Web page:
GIOVENTU » Italy's measles epidemic

Italy's measles epidemic

Italians don't want to vaccinate their children any-more! As a consequence the country is experiencing an outbreak of measles epidemic after a fall-off in vaccinations.

According to the Italian health ministry there have been almost 1,500 registered cases of measles this year, while in 2016 they were 840 and 250 in 2015. The compulsory vaccinations in Italy are those against polio, tetanus, diphtheria and hepatitis B. At the moment Children can be admitted to school even if they haven't presented the vaccinations certificate. The health minister Lorenzin announced a new draft law to make the vaccinations included in the national vaccine plan 2017-19 compulsory in order to be admitted to school. 

 

Measles vaccination has never been compulsory but, like many others, it is a potentially fatal disease harming the weakest newborns. The Five Star Movement was blamed by the governing centre-left party, for the surge in measles cases. The Higher Health Institute reported that around 85% of two-year-olds are being vaccinated against measles at present, a figure well below the 95% threshold recommended by the World Health Organisation to block the illness.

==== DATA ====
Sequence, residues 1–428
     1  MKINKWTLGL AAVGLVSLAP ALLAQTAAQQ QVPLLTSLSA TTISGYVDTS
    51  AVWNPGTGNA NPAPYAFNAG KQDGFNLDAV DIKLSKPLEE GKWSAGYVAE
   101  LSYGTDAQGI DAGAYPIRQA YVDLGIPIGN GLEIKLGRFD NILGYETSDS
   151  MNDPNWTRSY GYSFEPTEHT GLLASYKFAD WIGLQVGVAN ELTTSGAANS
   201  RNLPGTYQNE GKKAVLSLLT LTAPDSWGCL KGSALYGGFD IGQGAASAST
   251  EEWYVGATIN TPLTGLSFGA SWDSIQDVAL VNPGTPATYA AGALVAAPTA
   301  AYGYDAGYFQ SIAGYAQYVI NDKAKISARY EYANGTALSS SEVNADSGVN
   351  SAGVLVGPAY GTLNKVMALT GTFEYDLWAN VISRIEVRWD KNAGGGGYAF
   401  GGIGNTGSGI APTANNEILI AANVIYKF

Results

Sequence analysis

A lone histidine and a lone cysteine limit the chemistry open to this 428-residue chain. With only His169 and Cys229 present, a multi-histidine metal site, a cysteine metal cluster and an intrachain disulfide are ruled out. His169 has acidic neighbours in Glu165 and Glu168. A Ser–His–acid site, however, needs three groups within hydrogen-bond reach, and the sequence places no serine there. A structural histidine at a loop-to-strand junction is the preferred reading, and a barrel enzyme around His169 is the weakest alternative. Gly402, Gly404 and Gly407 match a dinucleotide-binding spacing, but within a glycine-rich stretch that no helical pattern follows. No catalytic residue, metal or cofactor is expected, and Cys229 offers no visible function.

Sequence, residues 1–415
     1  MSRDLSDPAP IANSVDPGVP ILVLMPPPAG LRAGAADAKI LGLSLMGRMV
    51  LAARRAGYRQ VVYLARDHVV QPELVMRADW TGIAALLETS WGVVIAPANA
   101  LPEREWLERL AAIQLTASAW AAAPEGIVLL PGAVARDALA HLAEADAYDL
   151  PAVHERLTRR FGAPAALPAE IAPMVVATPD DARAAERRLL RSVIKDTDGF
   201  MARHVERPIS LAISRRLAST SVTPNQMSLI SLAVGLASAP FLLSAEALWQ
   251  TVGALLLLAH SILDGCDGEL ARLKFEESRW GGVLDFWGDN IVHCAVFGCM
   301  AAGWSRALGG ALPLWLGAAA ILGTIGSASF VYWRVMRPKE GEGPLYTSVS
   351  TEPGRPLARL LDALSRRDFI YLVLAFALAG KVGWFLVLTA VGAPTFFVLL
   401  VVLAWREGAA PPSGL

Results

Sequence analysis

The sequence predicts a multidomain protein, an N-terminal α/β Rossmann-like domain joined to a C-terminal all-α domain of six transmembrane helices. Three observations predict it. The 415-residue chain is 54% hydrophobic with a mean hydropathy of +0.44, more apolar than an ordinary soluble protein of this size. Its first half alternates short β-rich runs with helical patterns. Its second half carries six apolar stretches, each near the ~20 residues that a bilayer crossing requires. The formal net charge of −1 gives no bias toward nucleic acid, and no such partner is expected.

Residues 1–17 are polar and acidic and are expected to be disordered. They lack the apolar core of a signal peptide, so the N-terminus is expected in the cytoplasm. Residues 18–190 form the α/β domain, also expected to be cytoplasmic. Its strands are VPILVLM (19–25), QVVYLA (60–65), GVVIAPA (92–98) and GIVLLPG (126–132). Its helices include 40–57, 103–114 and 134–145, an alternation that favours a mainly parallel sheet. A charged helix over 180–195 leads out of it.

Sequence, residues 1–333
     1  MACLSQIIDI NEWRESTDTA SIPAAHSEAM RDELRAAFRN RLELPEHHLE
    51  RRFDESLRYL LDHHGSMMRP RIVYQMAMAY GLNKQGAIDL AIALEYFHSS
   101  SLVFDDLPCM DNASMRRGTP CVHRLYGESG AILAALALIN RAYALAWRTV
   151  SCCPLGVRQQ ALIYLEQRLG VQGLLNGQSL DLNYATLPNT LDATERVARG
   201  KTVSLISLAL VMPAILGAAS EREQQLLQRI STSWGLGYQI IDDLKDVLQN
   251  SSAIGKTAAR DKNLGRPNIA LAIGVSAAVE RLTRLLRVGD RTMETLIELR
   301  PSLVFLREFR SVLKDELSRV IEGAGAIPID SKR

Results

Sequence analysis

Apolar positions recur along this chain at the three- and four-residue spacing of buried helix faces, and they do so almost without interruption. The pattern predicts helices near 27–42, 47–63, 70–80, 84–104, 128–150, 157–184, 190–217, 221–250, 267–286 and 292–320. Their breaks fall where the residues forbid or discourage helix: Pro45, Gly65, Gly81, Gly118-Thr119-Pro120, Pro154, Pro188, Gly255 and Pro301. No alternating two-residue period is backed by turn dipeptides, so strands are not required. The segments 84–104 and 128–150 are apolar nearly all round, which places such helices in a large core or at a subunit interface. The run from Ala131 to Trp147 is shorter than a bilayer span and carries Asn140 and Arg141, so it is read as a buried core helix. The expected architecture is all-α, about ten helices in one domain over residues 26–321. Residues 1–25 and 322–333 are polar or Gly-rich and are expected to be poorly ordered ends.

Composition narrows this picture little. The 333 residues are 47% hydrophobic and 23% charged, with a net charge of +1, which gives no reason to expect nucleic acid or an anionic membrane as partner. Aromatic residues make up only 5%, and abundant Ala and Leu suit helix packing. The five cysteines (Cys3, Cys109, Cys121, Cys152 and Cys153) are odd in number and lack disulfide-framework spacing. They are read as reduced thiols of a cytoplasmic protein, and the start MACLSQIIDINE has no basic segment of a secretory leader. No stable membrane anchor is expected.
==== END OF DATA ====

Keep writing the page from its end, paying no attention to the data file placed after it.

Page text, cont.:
The Five Star Movement spread concern among parents by questioning the safety of some vaccines and denouncing efforts to make vaccinations mandatory. In 2015  Beppe Grillo, the M5S founder wrote that vaccinations are a gift for multinational pharmaceutical firms and present a risk associated with side-effects.  

 

Also the vaccine against Hpv has been the centre of controversy since when the program “Report”, broadcast by RAI, highlighted the possible side-effects of the human papillomavirus (HPV) vaccine, which protects against cervical cancer. Health officials accused RAI of being unnecessarily alarmist.

 

The vaccine against Hpv is the first cancer vaccine developed by the researchers. “Report” cited a review of last year's Nordic Cochrane Center accusing the European Medicines Agency (EMA) of underestimating adverse reactions. According to Ema, the benefits of the vaccine against Papilloma Virus, which protects against cervical tumour, are far superior to the disadvantages. Nordic Cochrane Center criticizes the fact that all the relevant data has been spread by pharmaceutical companies.

 

The president of the virology Italian society, Giorgio Palù commented that the correlation between the vaccine's side effects, which in the TV programme was attributed to chemical adjuvants and other potential metal contaminants, was denied by in-depth research and studies carried out on hundreds of thousands of patients. Scientific evidence shows unequivocally how the anti-Hpv vaccine has an excellent safety profile and an extraordinary efficacy in dramatically reducing the incidence of Hpv infection, and precancerous lesions in those who had been vaccinated. 

Giulia Lombardo

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